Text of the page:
Ron DeSantis, Florida GOP, Breathing New Life into Tort Reform

MIAMI—Florida Gov. Ron DeSantis and other Republican leaders in the state are pushing legislation to make it less attractive to businesses considering excessive lawsuits and relocations that could hurt the state’s economy.

Florida GOP lawmakers are considering a bill in the legislative session that begins this week, at a time when tort-reform efforts across the U.S. are generally on the wane from decades past.

“This is going to be the most important legislative reform in the modern history of the state of Florida,” said the 2024 presidential contender. DeSantis previewed the proposal at an event in Jacksonville last month. “It’s going to make Florida a very attractive place to do business.”

Plaintiffs’ lawyers and Democrats who oppose the measure criticize it as an attempt to protect business and insurance profits by reducing people’s ability to hold wrongdoers accountable for harm they cause. Business groups and Republicans who support it argue that Florida’s litigation creates substantial additional costs that will hit consumers’ pocketbooks by raising insurance premiums and other costs.

Studies in recent years by the American Tort Reform Foundation, which seeks to curb perceived abuses of the civil-justice system, have ranked Florida as one of America’s worst “judicial hellholes” for malpractice cases. The US Chamber of Commerce Institute for Legal Reform has rated Florida’s liability system as one of the least fair in the nation and found the state tops in “nuclear verdicts” of more than $10 million.

That has hindered Florida’s ability to compete for business against states like Texas and North Carolina, said Mark Wilson, president of the Florida Chamber of Commerce, which supports the proposed legislation. “Florida has a lot of momentum,” he said. “But this great wind is pushing back against us.”

A Florida bill under consideration would make several changes to the civil justice system.


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Douglas R. Clifford/Zuma Press

Karri Pajczyk, president of the Florida Justice Association, a trial-lawyer group opposing the measure, challenged the state’s claim that it is a “judicial hellhole.” He said the argument is being used to justify curtailing people’s rights to use the court system to pursue accountability.

The bill would limit the ability of insurance companies to be held liable for malpractice, Mr. Pajczyk said. He said that any complications in malpractice cases can be precisely handled through surgery.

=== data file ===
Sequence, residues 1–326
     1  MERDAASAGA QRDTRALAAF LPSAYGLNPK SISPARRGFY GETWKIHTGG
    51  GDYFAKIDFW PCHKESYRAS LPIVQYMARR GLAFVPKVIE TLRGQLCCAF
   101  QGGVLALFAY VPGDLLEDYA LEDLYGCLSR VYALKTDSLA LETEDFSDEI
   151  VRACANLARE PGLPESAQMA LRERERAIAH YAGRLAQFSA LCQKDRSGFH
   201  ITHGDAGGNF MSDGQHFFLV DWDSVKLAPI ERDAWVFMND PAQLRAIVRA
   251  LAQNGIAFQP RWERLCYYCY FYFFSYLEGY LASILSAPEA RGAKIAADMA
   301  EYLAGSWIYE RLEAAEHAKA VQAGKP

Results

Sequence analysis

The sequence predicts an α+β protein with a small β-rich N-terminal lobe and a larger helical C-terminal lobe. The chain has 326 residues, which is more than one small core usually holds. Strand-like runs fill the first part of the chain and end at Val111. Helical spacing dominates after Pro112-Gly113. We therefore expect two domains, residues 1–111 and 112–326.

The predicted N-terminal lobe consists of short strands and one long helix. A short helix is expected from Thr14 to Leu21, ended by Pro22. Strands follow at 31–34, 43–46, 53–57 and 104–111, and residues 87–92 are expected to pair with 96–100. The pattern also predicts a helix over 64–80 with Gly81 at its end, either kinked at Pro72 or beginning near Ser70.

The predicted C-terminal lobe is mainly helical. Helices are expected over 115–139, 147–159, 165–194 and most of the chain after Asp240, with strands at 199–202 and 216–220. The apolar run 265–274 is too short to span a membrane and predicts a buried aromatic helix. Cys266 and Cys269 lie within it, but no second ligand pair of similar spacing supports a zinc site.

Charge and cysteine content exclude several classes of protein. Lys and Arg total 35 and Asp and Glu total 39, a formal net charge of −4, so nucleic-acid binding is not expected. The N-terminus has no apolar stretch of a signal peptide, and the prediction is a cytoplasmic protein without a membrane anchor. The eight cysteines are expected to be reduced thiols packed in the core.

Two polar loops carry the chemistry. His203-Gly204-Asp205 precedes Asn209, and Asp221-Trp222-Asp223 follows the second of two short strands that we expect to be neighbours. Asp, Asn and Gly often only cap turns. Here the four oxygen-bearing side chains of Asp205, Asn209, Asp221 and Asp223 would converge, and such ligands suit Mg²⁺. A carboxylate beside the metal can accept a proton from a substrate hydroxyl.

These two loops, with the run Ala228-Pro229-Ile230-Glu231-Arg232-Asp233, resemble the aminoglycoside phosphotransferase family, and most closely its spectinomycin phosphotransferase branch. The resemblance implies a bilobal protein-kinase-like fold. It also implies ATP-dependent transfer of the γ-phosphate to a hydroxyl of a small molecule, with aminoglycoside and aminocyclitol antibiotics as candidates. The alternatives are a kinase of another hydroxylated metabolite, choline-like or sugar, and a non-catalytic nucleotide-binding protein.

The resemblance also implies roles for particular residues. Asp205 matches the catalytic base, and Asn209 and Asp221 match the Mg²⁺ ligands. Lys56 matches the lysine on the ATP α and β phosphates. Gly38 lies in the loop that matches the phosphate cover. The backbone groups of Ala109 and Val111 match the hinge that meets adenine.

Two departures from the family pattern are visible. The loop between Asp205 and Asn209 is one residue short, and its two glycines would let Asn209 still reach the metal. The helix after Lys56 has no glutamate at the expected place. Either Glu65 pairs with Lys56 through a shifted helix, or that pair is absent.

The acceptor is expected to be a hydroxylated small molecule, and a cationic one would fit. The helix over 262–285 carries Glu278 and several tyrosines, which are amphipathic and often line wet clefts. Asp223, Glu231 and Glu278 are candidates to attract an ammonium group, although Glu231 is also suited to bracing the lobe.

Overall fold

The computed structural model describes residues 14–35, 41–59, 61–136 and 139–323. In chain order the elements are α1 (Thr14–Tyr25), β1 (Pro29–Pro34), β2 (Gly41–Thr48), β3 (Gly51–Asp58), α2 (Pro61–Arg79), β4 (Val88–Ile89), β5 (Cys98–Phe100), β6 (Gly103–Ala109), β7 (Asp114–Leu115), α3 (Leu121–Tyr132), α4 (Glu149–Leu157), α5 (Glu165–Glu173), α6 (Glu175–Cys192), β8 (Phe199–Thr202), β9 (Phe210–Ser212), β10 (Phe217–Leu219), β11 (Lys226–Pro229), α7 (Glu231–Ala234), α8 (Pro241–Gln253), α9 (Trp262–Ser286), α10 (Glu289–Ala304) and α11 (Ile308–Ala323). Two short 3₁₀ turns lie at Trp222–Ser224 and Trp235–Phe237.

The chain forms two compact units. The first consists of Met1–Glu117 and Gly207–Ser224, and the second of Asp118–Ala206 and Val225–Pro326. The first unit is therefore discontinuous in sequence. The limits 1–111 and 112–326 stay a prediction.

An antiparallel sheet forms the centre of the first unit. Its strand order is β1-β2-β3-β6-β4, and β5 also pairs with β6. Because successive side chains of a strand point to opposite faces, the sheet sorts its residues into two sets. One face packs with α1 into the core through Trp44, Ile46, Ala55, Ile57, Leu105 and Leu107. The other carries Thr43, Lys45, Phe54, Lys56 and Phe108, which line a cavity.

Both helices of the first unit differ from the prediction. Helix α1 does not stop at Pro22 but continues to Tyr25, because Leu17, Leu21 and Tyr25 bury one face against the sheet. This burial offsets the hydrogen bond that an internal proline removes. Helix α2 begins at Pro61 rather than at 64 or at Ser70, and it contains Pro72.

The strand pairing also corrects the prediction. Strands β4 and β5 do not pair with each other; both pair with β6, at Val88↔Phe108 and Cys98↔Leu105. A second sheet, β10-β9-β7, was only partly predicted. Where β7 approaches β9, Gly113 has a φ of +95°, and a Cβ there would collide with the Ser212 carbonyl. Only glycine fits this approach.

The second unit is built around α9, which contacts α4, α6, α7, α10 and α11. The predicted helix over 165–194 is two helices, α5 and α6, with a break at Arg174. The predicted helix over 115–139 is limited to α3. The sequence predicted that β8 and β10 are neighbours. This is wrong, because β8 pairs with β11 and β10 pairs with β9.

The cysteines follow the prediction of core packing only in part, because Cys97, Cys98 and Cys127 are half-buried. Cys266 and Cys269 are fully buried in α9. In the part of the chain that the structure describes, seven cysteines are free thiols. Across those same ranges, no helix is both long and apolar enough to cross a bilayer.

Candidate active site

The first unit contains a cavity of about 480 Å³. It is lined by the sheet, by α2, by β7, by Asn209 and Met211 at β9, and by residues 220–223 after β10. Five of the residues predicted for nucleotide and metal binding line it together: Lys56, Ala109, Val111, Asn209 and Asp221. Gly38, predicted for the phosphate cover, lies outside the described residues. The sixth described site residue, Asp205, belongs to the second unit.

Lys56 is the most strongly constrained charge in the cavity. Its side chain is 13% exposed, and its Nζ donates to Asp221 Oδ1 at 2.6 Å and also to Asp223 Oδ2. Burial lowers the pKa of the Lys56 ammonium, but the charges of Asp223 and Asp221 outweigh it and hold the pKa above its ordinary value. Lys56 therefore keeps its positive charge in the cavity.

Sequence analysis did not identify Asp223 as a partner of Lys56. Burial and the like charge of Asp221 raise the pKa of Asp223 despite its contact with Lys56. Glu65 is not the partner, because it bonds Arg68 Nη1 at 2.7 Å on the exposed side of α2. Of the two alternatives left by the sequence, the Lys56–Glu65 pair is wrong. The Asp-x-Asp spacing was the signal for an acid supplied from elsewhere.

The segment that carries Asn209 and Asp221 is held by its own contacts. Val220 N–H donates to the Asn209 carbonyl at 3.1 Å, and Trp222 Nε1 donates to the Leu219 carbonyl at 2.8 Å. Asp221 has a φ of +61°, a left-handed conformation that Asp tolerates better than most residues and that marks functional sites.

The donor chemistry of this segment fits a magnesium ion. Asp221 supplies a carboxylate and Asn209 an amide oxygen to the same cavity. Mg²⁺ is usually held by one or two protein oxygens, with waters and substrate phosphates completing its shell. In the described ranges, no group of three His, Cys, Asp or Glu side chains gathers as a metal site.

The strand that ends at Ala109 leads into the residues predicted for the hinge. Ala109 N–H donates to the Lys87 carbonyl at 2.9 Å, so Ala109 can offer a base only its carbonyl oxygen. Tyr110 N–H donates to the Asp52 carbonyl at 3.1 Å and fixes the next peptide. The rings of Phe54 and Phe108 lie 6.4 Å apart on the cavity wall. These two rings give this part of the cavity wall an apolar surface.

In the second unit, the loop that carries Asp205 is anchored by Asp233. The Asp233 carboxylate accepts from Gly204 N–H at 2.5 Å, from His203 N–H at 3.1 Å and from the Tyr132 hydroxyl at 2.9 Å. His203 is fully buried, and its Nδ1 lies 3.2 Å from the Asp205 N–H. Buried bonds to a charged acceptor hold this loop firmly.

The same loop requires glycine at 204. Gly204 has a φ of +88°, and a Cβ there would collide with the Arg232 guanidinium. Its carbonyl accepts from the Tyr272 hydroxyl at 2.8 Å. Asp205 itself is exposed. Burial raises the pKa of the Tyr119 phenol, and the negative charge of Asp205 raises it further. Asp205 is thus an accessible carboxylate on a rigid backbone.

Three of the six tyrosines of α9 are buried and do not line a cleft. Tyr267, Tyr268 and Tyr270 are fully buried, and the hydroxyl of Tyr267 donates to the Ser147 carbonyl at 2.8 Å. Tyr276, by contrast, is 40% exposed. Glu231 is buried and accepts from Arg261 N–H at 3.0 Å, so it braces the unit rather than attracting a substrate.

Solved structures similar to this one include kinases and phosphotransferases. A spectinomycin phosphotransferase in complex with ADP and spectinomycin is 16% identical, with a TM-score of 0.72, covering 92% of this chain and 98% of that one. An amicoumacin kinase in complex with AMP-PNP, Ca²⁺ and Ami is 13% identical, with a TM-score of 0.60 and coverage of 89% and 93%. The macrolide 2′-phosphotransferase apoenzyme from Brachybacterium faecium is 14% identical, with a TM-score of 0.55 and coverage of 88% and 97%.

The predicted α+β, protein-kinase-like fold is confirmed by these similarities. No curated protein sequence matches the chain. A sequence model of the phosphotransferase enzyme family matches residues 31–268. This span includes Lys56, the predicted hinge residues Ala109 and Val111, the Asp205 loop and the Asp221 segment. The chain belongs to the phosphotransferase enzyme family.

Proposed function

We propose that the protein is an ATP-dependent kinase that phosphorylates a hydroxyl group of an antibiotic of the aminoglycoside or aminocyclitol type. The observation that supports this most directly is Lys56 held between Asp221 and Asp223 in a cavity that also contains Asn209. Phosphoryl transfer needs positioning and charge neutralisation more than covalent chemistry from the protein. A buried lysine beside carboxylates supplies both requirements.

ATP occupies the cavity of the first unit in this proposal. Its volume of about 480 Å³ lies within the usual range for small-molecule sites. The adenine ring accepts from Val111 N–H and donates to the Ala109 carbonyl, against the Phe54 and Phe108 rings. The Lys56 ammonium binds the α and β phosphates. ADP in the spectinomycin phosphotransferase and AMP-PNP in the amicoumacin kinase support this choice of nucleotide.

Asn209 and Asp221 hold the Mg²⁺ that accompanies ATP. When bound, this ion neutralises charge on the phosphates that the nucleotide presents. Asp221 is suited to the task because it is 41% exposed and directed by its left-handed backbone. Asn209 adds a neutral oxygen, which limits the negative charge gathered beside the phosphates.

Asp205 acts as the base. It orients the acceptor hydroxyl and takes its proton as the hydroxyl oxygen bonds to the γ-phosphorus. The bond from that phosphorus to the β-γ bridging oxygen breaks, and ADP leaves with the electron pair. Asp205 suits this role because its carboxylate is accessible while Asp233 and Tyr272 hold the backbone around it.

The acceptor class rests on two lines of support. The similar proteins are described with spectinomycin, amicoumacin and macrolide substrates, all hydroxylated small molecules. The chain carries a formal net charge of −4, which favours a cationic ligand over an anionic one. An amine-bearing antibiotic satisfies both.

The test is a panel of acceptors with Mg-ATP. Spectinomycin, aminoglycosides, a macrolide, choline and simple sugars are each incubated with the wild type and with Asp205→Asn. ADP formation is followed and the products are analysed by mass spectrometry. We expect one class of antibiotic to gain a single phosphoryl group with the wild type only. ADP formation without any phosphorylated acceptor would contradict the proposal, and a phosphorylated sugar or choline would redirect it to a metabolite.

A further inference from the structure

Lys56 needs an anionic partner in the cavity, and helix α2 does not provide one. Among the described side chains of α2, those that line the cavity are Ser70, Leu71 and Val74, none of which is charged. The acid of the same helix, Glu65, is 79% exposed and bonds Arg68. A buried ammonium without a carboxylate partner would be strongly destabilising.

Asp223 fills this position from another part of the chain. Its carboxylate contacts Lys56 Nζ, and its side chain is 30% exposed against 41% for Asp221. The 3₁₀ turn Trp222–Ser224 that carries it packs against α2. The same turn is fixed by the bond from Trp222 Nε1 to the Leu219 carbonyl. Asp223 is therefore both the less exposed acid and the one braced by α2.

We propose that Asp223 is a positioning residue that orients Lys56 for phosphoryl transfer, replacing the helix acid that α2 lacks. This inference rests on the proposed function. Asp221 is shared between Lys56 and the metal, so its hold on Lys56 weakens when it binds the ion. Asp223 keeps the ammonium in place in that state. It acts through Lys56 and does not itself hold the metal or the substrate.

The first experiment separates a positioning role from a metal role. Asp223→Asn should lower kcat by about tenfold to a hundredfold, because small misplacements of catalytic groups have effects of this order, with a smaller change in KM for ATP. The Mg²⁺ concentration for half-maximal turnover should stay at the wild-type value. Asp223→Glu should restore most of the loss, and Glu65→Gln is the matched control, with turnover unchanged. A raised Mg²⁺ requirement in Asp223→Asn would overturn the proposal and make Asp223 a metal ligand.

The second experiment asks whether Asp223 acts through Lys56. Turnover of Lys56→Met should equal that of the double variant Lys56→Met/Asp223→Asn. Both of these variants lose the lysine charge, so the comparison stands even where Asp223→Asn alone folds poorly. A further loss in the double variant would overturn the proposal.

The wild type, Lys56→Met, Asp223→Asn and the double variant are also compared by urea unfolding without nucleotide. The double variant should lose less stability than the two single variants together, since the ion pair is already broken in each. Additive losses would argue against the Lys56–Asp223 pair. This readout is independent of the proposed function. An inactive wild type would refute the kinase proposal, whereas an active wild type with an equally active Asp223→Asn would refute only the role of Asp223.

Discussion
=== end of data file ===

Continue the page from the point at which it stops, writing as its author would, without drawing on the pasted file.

“It’s a blunt axe,” said Mr. Pajczyk said. “This is an extreme bill and beyond what is fair or reasonable.”

The tort-reform movement in the United States began in the 1980s and has included efforts over the years to target issues such as medical-malpractice cases, said Mark Geistfeld, a professor at New York University School of Law. But it is currently in a quiet period, with sporadic activity in the states. In recent years, states like Montana and West Virginia have passed laws backed by tort-reform advocates.

Florida’s proposal builds on a bill that passed a special legislative session in December, then Mr. Signed by DeSantis, it sought to address the state’s property-insurance crisis. Among its provisions was the elimination of so-called one-way attorney fees, which insurers said encouraged plaintiffs’ attorneys to sue to obtain larger fee awards.

The current bill will bring many changes to the civil justice system. A rule would change the way medical damages are calculated when awarded to juries in personal injury or wrongful death cases. Another would change the framework for “bad faith” claims, which are allegations that insurers wrongfully denied coverage under a policy. This rule would make it clear, inter alia, that mere negligence is not enough to show bad faith.

“We want a fair, consistent system that isn’t abused by litigants and doesn’t lead to unrealistic damage awards,” said Republican Rep. Tommy Gregory, the bill’s sponsor.

Rob Sandlin, chief executive of Florida Rock & Tank Lines Inc., a trucking company in Jacksonville, said the company’s auto liability insurance has increased 73% since 2018, despite a 60% reduction in coverage during that time. Driving that disparity is unnecessary litigation, he said.

Accidents are inevitable, and “we want to pay what’s right,” said Mr. Sandlin said. “But on the other hand, we don’t want to pay for accidents we didn’t cause.”

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During a legislative committee hearing on the bill last month, Democratic Rep. Hillary Cassel said businesses come to Florida with the expectation that the legal system provides accountability. “This bill is the opposite of that,” he said. “It benefits insurance company executives. And every day Floridians get hurt… and are going to get hurt.

At the hearing, Peter D’Orazio spoke to lawmakers with his wife, who suffered a devastating stroke and was allegedly misdiagnosed at the hospital with speech and limited movement. He said the legal system helped them hold medical staff accountable.

Without it, Mr. D’Orazio said, “I don’t know where we’d be today—probably homeless, here on a corner begging for money.”

Write to Arian Campo-Flores at [email protected]

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